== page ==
IR35 comes under fire for its negligible tax take

Figures have been released showing that the IR35 tax regulations are producing an average of just £1.5 million a year in tax revenues.

The disclosure came after the Professional Contractors Group (PCG) used the Freedom of Information rules to request exact sums on the amount of tax raised for the exchequer by IR35.

Between the tax years 2002/03 and 2007/08, IR35 managed £9.2 million in government income, the equivalent to £1.5 million annually.

In itself a very small amount when seen as part of the overall tax take, the figure also falls a long way short of the £220 million a year IR35 was expected to yield in national insurance payments alone, the level predicted by an official assessment made in 1999.

IR35 was introduced the following year as a way of preventing disguised employee arrangements where staff, and employers, could reduce their tax liabilities by assuming a false freelance status.

The PCG said that genuine freelancers and contractors have long regarded the regulations as imposing unworkable tests of their employment status, often forcing them to pay more tax than salaried, permanent employees.

Enforcement of IR35 has also been paltry in its results, the PCG added. Of the 1,468 IR35 investigations PCG has been involved with, HM Revenue and Customs (HMRC) proved additional tax was owed on only six occasions.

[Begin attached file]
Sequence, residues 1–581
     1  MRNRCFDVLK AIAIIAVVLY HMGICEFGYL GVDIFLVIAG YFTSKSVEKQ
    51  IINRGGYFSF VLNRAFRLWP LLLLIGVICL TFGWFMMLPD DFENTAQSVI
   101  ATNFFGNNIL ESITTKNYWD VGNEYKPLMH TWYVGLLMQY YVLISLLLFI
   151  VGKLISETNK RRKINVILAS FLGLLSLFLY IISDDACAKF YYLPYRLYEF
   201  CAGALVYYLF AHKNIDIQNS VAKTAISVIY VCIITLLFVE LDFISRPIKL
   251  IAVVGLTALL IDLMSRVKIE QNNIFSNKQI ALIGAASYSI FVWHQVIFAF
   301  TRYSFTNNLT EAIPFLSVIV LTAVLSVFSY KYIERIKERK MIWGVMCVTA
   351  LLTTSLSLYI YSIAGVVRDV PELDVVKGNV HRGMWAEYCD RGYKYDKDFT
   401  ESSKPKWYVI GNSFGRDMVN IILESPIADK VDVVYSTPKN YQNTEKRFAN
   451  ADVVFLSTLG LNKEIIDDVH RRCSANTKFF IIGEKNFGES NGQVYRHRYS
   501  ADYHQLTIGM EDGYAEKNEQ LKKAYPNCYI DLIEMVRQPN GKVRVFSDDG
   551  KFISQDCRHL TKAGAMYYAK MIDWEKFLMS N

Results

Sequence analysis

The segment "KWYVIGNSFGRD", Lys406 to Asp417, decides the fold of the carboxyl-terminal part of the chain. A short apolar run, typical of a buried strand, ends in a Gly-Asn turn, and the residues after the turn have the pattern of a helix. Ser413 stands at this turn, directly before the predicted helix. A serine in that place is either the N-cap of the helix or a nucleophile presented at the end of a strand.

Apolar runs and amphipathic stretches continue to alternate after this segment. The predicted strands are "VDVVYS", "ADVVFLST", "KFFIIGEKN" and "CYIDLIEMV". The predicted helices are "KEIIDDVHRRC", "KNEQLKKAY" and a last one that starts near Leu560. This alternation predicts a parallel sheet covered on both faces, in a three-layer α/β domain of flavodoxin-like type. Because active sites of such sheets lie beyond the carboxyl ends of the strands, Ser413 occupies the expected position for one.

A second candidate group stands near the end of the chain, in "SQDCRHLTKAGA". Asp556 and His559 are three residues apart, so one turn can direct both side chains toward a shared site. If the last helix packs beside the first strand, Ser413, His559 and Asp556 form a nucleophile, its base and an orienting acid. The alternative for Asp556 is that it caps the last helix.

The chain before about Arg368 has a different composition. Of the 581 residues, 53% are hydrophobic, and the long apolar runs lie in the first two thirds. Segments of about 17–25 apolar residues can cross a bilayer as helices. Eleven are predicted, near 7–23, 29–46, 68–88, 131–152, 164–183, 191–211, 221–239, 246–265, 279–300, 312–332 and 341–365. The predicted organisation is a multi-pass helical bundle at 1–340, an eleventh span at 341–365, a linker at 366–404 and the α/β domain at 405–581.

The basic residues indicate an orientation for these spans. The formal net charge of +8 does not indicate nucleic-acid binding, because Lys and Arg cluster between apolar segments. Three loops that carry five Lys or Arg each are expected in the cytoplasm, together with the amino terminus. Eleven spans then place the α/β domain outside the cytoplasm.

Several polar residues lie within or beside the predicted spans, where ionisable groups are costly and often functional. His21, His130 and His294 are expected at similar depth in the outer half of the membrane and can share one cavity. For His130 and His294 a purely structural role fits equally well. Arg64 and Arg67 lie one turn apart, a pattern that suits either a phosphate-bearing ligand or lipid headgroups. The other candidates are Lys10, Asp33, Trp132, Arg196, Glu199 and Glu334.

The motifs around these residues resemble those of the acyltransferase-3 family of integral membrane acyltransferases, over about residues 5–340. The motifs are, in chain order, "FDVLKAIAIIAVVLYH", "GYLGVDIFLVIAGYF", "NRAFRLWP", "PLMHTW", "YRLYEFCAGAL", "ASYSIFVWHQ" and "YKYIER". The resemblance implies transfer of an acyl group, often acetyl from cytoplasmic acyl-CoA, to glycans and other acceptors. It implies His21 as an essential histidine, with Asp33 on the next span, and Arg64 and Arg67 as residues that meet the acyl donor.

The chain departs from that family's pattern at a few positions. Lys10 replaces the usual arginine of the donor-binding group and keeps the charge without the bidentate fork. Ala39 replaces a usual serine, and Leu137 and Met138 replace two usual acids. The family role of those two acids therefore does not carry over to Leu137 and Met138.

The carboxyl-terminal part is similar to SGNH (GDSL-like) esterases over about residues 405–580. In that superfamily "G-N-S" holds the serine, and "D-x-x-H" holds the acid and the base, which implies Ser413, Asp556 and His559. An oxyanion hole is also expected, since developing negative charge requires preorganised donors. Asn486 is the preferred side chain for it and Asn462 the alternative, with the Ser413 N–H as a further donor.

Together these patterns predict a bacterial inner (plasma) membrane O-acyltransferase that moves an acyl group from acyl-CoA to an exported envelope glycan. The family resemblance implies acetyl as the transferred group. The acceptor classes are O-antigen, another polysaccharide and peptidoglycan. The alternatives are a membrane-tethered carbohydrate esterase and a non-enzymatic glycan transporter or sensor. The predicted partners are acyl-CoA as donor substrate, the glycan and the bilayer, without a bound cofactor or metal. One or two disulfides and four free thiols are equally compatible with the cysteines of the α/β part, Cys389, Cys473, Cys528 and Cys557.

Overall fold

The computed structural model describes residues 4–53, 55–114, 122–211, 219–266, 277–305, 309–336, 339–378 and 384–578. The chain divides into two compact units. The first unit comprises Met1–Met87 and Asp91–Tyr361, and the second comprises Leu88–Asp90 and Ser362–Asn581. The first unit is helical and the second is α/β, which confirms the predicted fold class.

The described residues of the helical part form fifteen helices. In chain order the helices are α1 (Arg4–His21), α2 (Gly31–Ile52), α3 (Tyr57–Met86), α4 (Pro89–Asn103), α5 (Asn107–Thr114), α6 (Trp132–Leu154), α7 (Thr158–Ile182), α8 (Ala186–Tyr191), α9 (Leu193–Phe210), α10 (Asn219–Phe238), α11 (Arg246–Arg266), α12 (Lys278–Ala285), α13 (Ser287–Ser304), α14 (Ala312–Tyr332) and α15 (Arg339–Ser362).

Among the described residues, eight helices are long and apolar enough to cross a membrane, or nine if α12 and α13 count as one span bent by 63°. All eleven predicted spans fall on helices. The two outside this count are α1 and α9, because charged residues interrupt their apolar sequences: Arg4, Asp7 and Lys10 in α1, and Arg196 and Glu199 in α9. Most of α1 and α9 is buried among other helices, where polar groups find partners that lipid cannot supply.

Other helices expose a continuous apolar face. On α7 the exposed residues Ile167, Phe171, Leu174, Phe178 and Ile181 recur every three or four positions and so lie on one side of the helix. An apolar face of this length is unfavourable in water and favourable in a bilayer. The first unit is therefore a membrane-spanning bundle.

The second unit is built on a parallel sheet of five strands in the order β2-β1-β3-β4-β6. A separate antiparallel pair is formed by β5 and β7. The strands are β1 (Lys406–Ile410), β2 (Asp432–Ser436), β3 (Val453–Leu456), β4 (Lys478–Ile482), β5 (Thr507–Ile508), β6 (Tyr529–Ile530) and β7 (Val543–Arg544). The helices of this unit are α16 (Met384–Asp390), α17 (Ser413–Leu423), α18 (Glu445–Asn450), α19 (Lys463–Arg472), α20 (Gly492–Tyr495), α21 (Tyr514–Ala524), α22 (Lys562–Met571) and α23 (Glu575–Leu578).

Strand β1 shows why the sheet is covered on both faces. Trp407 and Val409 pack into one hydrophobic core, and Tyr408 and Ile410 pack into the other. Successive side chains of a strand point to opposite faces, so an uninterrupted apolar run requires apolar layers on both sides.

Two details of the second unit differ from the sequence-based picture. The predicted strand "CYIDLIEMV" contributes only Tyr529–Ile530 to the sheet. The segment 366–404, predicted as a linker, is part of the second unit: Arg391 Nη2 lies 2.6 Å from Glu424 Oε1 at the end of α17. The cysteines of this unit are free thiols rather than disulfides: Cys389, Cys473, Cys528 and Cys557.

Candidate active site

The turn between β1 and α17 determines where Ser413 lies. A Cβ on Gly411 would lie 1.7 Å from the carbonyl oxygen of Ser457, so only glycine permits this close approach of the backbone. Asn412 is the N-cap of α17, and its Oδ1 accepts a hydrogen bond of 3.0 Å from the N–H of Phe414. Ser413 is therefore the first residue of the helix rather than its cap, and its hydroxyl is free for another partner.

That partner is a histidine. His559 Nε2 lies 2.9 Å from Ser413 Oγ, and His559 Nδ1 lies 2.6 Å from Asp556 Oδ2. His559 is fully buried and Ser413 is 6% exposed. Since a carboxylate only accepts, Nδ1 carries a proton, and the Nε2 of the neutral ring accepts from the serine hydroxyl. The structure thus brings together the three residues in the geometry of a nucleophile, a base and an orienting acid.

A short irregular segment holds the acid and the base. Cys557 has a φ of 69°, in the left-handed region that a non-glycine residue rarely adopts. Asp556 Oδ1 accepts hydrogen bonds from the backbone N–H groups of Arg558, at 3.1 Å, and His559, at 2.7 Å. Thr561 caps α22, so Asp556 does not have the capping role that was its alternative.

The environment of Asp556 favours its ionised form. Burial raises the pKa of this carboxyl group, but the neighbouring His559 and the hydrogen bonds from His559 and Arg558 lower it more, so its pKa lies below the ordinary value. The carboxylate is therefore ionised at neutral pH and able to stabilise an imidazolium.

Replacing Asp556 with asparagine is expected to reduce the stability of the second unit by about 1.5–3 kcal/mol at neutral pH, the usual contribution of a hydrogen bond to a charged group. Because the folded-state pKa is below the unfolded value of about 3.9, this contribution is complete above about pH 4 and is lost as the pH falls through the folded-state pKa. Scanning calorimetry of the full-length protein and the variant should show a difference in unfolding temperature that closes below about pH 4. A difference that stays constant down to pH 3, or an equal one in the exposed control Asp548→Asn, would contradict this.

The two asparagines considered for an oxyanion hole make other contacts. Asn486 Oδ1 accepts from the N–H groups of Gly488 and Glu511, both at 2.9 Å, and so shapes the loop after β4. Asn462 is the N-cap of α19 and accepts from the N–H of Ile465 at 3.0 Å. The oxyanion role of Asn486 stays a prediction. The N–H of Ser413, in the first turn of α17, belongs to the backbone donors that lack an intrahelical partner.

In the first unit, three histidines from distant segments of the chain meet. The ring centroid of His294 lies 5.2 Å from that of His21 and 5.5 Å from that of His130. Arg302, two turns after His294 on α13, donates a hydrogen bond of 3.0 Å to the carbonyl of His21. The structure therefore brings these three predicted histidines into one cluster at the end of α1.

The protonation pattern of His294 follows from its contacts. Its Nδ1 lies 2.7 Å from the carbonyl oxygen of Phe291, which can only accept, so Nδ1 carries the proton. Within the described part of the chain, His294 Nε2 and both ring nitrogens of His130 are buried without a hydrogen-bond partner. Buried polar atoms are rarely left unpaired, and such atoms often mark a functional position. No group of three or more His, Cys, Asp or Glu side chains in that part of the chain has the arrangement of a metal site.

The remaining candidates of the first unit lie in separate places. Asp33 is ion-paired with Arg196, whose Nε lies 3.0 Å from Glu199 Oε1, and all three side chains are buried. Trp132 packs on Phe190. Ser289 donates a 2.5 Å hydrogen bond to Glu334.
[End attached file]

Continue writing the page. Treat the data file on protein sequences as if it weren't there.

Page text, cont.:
John Brazier, the PCG’s managing director, commented: “This revelation confirms our long-held suspicions about IR35. It makes very little money for the government, and given the cost of enforcing it, and the number of failed investigations for HMRC, it may even cost more to implement than it actually brings in. This is a ludicrous state of affairs. IR35 restricts the flexibility of the labour market and is difficult to enforce.”

Mr Brazier promised that the PCG would follow the details up with further requests under the Freedom of Information Act.

He continued: “We believe there is more to be uncovered from HMRC. In doing so we will find out the true costs of IR35, and expose the wildly inaccurate premise on which it is based.”

However, the figures released do not include taxes raised through the deterrent effects of IR35 and they do not take account of PAYE tax and NICs generated through the voluntary compliance of umbrella companies.

The PCG had asked HMRC to provide figures on the sums raised through “compliance activity specifically categorised as IR35”.